• Hire specialists in pedestrian/bicycle systems to positions responsible for implementing the pedestrian/bicycle system.
  • Design new roadway and roadway improvement projects to accommodate bicycles and pedestrians as an integral part of the project, unless otherwise determined.
  • Create traffic calm neighborhoods to provide a pedestrian- and bicycle- friendly travel environment. Discourage through traffic in residential, school, park and commercial areas.
  • Design and construct a safe, secure and convenient system for pedestrians and bicyclists which provide direct non-motorized access, linkages and through-cuts between common origins and destinations (residential areas, retail areas, schools, libraries, employment, parks and recreation facilities, significant environmental areas, local historic and cultural landmarks, transit and other public facilities).
  • Require developers of subdivisions, short plats, and other types of development to provide safe and convenient right-of-ways for intra- and inter- development of pedestrians and bicyclists facilities.
  • Encourage development that enhances the pedestrian experience: easy access to buildings (built to the sidewalk); shelter from elements (shade trees, awnings); visual interest (retail activity, views, architectural forms); security (lighting, visual "oversight" from building occupants, use of "front yards"); easy access to transit and neighboring services.
  • Coordinate pedestrian and bicycle systems to be continuous. Sub- components should be of a consistent surface and require a consistent level of skill to use.
  • Review every planning and public works project for pedestrian and bicycle character to determine whether or not there is a non-motorized element or impact.
  • Provide non-motorized access into neighborhoods every 200-300 meters off of adjacent arterials.
  • Establish "level-of-access" standards for service level which assess access for all modes.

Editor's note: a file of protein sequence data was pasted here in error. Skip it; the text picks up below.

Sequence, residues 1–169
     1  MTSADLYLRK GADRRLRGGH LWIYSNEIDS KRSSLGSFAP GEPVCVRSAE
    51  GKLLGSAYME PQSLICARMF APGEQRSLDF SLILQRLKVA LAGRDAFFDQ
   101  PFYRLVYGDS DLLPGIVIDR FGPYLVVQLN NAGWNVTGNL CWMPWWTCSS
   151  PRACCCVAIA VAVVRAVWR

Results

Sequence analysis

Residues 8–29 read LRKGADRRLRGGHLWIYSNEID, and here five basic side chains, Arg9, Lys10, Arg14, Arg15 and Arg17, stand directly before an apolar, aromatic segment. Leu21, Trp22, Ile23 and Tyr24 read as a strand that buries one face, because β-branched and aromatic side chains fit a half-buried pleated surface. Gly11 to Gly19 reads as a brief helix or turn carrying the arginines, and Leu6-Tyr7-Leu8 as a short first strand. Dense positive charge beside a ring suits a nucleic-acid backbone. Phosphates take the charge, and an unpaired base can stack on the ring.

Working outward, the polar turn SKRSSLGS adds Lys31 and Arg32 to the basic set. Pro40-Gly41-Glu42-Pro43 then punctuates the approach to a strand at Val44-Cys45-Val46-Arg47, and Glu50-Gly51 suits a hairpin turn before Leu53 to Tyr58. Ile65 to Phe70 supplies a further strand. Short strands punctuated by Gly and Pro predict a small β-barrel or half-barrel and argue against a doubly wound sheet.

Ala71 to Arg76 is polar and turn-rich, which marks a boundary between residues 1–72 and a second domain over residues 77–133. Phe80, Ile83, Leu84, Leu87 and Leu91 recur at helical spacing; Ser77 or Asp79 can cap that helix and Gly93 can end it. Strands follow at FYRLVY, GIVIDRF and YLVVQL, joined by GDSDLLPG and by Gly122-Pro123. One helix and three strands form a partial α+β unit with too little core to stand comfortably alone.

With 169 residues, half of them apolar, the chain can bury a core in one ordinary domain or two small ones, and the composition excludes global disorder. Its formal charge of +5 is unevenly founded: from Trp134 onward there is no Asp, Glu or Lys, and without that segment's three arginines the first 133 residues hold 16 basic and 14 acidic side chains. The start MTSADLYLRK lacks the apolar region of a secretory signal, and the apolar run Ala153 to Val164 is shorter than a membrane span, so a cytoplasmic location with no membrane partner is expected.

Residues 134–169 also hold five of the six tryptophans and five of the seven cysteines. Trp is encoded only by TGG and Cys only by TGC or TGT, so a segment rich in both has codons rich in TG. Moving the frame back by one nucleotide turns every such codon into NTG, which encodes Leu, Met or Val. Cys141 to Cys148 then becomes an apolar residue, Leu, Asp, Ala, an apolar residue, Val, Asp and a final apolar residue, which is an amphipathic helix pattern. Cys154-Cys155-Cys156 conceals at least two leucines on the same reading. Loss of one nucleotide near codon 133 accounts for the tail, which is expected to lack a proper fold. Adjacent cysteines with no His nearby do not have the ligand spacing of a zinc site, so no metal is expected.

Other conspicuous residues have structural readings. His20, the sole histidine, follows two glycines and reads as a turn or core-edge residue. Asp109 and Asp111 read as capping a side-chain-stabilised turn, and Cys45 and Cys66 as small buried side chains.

• Update design standards for all non-motorized transportation facilities to conform to the latest state-of-the-art practices.
  • Evaluate the impact on pedestrians and bicyclists when designing, engineering, rehabilitating, signalizing, striping, upgrading, or modifying a roadway.
  • Adopt street design standards (i.e. intersection design, signal phasing, roadway width) that give priority to and enhance the safety of pedestrians and minimize conflicts with motorists. Priority for installation or reconstruction should be given to those routes that are used by school children, senior citizens, physically challenged persons and/or commuters.
  • Construct pedestrian and bicycle facilities with appropriate amenities (i.e. restrooms, drinking fountains, benches, bicycle parking) to encourage and support use.
  • Design pedestrian and bicycle facilities for easy maintenance.
  • Acquire and/or railbank abandoned railway right-of-ways that are desirable for non-motorized facilities.
  • Designate and implement "safe" routes to serve major origin/destination corridors.
  • Reduce impediments to pedestrians and bicyclists (i.e. use of pedestrian activated signals with delays, vast distances across roads and between stores.)

Regional Coordination

  • Coordinate planning efforts for non-motorized modes of travel with other jurisdictions and relevant transit agencies to develop an integrated area-wide plan for bicycles and other non-motorized travel modes that ensures continuity of routes.


  • Promote the use of the least polluting type of transportation.
  • Minimize negative environmental impacts of the transportation system: Minimize energy consumption; minimize air, light, water and noise pollution; and minimize destruction of ecosystems and impacts on wildlife habitat.
  • Place top priority on a multi-modal transportation system that efficiently provides access for people and goods with optimum safety, while maximizing the conservation of energy and minimally disrupting environmental quality.
  • Develop, protect and enhance wildlife and plant habitat corridors as part of transportation corridors.

Pedestrian Facilities

  • Construct continuous pedestrian facilities along all major streets and highways; these should be direct and interconnect with all other modes of transportation.
  • Provide safe, secure and convenient facilities for pedestrians into and within commercial developments (CBD, Urban villages, shopping centers).
  • Relate sidewalk design to the function and the anticipated amount of pedestrian traffic. Locate sidewalks to take advantage of views and other amenities, when appropriate.